The questions are with reference to Bergemann and Morris (2013, 2016).

I'm trying to give an alternative interpretation to BCE from the analyst/information designer perspective provided in the paper.

Take a basic game G (as in BM, 2013) without private information, and only prior on the fundamental $θ\sim N(\bar{θ},σ_{θ}^{2})$. i.e. agents condition their actions only on $\bar{θ}$.

Suppose that there exists a decision rule $\varphi:\Theta \rightarrow\Delta(A)$ in this game chosen randomly, but that could possibly be induced by a Bayes Nash Equilibrium of an augmented game G+ (this one with private information).

If I understood how BCE works; Agents in G don't know the true state of the world, but know only the decision rule (i.e. the distribution of action profiles for each possible realisation of the fundamental). Then some omniscient mediator will suggest each of them (privately) an action based on the decision rule $\varphi$. If each recommendation is obeyed by everyone then there is a Bayes Correlated Equilibrium in game G.

But obedience will require the recommendation to be optimal (i.e. induced by a BNE in G+).So, reverse engineer....

My interpretation of the "decision rule induced by BNE" is that agents extract the information from the suggestion of the mediator to compute their own optimal action. And if the optimal action is congruent with the suggestion, then they obey. That process is made in game G+.i.e. the only source of information of agents beside common prior on fundamentals is the information extracted from the recommendation.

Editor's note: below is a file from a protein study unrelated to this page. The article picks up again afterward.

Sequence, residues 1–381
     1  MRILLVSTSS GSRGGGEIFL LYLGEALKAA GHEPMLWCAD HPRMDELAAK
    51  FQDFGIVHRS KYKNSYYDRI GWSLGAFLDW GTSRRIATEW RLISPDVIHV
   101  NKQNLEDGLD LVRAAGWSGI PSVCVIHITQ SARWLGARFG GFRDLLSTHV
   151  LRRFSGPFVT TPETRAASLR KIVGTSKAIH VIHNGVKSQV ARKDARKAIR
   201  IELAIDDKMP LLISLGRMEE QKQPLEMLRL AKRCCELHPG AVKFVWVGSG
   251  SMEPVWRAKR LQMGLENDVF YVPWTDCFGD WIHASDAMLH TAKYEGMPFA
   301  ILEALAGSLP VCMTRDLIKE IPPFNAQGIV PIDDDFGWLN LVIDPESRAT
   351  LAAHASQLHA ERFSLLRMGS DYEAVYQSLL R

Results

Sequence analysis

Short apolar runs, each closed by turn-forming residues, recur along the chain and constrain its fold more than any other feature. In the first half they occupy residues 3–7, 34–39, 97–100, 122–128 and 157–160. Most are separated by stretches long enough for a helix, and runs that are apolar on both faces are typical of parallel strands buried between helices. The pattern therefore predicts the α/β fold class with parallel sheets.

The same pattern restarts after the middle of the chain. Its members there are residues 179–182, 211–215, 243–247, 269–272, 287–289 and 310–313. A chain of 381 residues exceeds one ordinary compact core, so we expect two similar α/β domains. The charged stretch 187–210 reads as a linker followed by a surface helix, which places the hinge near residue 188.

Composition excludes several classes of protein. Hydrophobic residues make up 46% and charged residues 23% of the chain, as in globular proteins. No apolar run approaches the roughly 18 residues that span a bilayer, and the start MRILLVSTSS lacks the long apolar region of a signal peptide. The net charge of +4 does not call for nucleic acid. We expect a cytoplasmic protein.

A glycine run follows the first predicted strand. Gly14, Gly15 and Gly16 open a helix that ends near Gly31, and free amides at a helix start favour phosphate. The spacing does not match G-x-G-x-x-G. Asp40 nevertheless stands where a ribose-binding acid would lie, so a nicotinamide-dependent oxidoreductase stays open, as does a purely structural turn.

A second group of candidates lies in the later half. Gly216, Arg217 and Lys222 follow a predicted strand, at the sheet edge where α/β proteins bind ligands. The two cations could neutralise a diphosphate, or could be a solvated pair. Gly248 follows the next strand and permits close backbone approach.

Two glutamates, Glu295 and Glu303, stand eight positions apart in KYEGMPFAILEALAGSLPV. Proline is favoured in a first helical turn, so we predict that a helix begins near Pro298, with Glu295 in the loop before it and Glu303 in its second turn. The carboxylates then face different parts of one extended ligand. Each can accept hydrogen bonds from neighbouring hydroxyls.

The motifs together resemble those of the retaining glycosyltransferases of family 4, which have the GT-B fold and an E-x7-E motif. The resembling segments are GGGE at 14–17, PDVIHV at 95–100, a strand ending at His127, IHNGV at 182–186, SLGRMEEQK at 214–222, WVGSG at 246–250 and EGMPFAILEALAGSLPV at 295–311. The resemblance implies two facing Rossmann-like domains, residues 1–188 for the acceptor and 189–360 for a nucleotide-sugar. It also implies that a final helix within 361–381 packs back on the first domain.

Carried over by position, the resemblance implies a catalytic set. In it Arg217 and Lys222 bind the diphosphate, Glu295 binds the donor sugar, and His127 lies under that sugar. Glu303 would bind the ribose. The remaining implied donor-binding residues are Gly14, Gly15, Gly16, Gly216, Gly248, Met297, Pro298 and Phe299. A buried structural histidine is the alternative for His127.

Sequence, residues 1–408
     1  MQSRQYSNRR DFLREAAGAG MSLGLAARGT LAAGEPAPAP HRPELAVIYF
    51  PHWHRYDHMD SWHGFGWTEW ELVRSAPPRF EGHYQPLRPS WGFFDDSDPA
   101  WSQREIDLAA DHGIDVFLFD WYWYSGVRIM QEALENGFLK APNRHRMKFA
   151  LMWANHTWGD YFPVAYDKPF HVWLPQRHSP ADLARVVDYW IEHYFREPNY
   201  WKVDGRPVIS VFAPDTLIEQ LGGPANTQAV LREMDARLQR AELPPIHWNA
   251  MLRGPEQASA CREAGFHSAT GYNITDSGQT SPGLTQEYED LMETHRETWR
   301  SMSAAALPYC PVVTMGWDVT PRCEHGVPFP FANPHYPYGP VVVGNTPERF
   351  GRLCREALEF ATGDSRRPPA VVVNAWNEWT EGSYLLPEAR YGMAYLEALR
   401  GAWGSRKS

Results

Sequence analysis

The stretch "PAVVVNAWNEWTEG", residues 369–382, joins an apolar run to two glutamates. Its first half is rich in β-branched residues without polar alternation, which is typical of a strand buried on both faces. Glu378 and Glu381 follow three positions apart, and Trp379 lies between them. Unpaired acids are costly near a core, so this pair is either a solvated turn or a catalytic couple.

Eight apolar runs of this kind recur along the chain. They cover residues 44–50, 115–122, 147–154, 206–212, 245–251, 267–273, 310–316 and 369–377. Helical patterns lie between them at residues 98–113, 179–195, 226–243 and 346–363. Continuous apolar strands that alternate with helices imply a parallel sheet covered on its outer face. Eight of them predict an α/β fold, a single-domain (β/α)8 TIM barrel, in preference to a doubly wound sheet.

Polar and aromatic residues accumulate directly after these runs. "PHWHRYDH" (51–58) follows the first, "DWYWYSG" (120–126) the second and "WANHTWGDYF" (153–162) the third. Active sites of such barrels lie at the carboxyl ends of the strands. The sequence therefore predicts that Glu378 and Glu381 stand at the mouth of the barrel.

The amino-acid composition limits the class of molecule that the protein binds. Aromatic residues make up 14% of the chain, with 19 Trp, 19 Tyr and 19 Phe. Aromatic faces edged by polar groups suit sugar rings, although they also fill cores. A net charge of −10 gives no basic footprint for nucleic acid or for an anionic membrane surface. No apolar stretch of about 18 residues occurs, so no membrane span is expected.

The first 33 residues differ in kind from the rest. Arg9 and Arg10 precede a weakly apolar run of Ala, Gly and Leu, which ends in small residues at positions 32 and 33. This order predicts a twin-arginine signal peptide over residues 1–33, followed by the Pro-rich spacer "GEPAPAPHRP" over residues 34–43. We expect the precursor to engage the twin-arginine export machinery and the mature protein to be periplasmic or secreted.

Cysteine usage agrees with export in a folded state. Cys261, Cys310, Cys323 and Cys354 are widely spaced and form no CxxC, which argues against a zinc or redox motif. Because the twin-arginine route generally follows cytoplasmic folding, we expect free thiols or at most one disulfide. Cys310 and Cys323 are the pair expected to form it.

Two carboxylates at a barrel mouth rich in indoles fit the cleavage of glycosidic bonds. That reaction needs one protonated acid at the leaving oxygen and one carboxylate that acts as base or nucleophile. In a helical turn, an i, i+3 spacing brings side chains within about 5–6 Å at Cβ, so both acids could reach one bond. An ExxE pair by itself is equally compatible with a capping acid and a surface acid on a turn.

But if that is the case, do they extract the whole information structure from just the suggestion? It seems normal to assume that a private signal could be extracted from a recommendation, but where does the common prior on private information comes from? How do agents extract this from the mediator's recommendation? It would have to be the case that the common prior on private information was there in G, but agents could not have access to it, and this access was activated only once recommendation was made or something like that?!

Again, I'm trying to understand the concept of BCE in game G when the decision rule $\varphi∈Δ(A×Θ)$ is induced by a BNE distribution $\pi∈Δ(A×S×Θ)$(where S is the space of private information) of an augmented game.

If we reinterpret BM (2016) in my context, their expansion of information in G+ is that the recommendation adds to the private information that agents already had. What I am describing instead is that neither agents nor the mediator had any private information beforehand. Private information in G+ is just what is extracted from the random decision rule in G. But then, where the heck does the common prior on private information come from?

I hope that was clear. Thanks enormously in advance for helping me.

  • $\begingroup$ If you want to understand the fundamental concepts, it is probably more useful to read the 2016 paper than the 2013 paper, which is really an application of the former, rewritten to fit the special continuum setting. $\endgroup$ Jan 28, 2022 at 8:19

1 Answer 1


An analyst wants to study the behavior of players playing a Bayes Nash equilibrium in a game of incomplete information. The analyst can observe some signal sources that the players have, the state of nature, and the actions that the players subsequently choose. The analyst is modest enough to consider it possible that the players might have additional sources of information that the analyst is not aware of.